Marjorie Taylor Greene says QAnon beliefs are "so far in the past"

"I had easily gotten sucked into some things I had seen on the internet," Greene said in a Fox interview on Sunday

By Kelly McClure

Nights & Weekends Editor
Published January 8, 2023 1:59PM (EST)
Updated January 9, 2023 12:00PM (EST)
Marjorie Taylor Greene (R-GA) takes a photo with U.S. House Republican Leader Kevin McCarthy (R-CA) after being elected Speaker of the House in the House Chamber at the U.S. Capitol Building on January 07, 2023 in Washington, DC. ( Anna Moneymaker/Getty Images)
Marjorie Taylor Greene (R-GA) takes a photo with U.S. House Republican Leader Kevin McCarthy (R-CA) after being elected Speaker of the House in the House Chamber at the U.S. Capitol Building on January 07, 2023 in Washington, DC. ( Anna Moneymaker/Getty Images)

During an interview for Fox's MediaBuzz on Sunday, Marjorie Taylor Greene rehashed getting Trump on the phone during Friday night's House floor squabble to bring Kevin McCarthy's voting sessions to a close, and then segued to a casual dismissal of her ties to QAnon.

Speaking to host Howard Kurtz, Greene said she was surprised that "this went on as long as it did," in regards to the many rounds of votes it took in order for McCarthy to scrape together the amount needed for his Speaker of the House victory in the early hours of Saturday morning. 

"There towards the end I had been talking with President Trump several times that night," Greene said. "I was trying to get Matt Rosendale on the phone with him. President Trump wanted to talk to him, and I was shocked that he refused his phone call."

Taking a sharp turn in the interview, Kurtz then asked Greene to comment on her previous associations with the standard beliefs of the QAnon movement, which she casually brushed off.

"Well, like a lot of people today, I had easily gotten sucked in to some things I'd seen on the internet," Greene said. "But that was dealt with quickly early on. I never campaigned on those things. That was not something I believed in. That was not what I ran for Congress on. So those are so far in the past."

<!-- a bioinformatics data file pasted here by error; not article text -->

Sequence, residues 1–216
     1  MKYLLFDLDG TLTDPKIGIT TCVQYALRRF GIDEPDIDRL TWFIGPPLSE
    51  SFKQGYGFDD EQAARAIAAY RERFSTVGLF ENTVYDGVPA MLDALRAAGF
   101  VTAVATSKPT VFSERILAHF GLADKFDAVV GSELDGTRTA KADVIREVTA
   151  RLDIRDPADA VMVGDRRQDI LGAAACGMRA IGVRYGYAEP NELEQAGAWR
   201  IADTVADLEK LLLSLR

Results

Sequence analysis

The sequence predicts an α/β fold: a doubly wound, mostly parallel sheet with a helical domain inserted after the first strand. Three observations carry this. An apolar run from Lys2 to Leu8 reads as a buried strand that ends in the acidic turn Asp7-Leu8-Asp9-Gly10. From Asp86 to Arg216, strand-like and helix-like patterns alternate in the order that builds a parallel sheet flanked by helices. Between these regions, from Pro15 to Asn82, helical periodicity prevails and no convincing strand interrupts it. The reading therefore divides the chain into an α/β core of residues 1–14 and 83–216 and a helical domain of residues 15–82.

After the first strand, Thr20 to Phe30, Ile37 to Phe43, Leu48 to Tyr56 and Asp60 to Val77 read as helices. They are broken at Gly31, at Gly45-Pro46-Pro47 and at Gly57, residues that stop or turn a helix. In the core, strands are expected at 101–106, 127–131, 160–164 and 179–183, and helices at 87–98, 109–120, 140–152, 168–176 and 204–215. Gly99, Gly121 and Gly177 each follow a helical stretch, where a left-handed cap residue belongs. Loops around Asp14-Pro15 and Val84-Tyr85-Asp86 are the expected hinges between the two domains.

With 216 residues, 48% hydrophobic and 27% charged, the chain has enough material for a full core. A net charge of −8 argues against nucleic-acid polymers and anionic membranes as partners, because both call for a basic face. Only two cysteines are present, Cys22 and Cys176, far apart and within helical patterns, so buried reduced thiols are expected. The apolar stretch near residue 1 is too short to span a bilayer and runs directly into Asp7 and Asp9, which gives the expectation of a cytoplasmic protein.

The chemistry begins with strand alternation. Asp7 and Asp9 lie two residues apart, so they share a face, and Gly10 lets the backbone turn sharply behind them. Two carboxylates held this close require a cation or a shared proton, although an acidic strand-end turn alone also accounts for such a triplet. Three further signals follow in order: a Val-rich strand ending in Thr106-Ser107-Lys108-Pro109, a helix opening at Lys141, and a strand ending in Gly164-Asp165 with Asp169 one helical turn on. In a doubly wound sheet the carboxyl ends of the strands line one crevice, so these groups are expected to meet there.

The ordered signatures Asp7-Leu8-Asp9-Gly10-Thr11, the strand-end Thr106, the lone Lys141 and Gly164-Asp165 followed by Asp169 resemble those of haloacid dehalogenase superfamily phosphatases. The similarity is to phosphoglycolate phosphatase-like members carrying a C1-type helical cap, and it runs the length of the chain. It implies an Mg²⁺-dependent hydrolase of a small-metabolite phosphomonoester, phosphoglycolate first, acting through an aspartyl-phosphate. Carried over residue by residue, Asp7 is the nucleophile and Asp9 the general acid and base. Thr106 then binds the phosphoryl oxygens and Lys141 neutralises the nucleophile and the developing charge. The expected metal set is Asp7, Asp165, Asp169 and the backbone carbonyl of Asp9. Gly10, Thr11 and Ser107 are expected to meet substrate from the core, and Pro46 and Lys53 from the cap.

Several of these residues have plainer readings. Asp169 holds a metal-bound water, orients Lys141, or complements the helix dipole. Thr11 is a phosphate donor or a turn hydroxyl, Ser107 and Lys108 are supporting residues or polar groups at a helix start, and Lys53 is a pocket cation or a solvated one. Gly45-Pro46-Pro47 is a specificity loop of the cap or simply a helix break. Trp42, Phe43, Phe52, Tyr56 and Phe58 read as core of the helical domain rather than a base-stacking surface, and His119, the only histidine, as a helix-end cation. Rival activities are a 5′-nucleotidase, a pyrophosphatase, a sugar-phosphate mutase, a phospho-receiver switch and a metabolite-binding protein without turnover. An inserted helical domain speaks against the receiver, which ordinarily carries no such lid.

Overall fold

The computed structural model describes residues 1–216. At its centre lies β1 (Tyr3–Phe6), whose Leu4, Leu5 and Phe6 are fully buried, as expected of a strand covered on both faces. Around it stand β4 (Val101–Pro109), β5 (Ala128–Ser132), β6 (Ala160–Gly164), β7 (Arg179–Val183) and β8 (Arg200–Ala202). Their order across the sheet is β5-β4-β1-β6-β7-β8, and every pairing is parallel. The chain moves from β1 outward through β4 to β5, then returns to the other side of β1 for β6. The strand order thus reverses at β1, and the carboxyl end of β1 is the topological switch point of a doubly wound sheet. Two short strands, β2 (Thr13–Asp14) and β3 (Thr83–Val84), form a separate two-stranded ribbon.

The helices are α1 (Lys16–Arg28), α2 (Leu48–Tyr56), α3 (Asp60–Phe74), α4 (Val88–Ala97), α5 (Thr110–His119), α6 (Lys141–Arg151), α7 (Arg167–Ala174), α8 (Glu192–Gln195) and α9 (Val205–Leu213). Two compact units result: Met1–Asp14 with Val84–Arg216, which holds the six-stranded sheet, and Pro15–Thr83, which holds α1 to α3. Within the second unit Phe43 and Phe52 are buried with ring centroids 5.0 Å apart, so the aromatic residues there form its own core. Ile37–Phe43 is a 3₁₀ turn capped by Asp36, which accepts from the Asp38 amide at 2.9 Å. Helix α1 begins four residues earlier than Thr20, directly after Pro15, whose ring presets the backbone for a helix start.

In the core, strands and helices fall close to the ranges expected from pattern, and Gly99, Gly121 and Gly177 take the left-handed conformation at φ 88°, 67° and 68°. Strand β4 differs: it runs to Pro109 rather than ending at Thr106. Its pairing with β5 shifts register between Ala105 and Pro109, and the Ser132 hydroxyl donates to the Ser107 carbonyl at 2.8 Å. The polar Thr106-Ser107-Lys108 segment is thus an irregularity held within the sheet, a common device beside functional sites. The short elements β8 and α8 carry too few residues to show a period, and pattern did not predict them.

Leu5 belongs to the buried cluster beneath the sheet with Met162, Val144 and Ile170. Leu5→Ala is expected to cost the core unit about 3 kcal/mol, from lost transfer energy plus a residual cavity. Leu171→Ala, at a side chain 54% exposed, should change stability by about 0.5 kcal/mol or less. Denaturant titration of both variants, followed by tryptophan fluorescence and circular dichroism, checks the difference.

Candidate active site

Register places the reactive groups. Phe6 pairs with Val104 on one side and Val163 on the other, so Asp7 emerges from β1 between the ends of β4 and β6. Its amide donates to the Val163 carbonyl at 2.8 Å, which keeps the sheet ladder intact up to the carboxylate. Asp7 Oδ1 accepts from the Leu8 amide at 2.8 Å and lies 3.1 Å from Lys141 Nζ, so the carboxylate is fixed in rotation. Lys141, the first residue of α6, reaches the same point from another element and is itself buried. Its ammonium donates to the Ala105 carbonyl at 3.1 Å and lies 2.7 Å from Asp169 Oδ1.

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In terms of the "early on" part of Greene's comment, A 2021 Vanity Fair article references a speech given by Greene in which she attempts to explain how and why QAnon information on the internet "sucked her in."

"Just watching CNN or Fox News, I may not find the truth," Green said in that speech. "So what I did is I started looking up things on the internet, asking questions like most people do every day. I stumbled across something, and this was at the end of 2017, called QAnon . . . I got very interested in it."

"I remember Marjorie Taylor Greene bringing QAnon up several times . . . in the presence of the president, privately with Mark [Meadows]," Former White House aide Cassidy Hutchinson said in a 2022 article from The Hill in relation to the events of the January 6 insurrection. 

"Ms. Greene came up and began talking to us about QAnon and QAnon going to the rally, and she had a lot of constituents that are QAnon, and they'll all be there," Hutchinson said. "And she was showing him pictures of them traveling up to Washington, D.C., for the rally on the 6th."

Watch a clip from Greene's interview with Fox on Sunday below.

CORRECTION: An earlier version of this story contained the wrong first name for MediaBuzz host Howard Kurtz. The story has been corrected. 


By Kelly McClure

Kelly McClure is a journalist and fiction writer who lives in New Orleans. She is Salon's Nights and Weekends Editor covering daily news, politics and culture. Her work has been featured in Vulture, The A.V. Club, Vanity Fair, Cosmopolitan, Nylon, Vice, and elsewhere. She is the author of Something is Always Happening Somewhere and the co-host of The Antler Queens podcast 

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Aggregate Donald Trump Kevin Mccarthy Marjorie Taylor Greene Qanon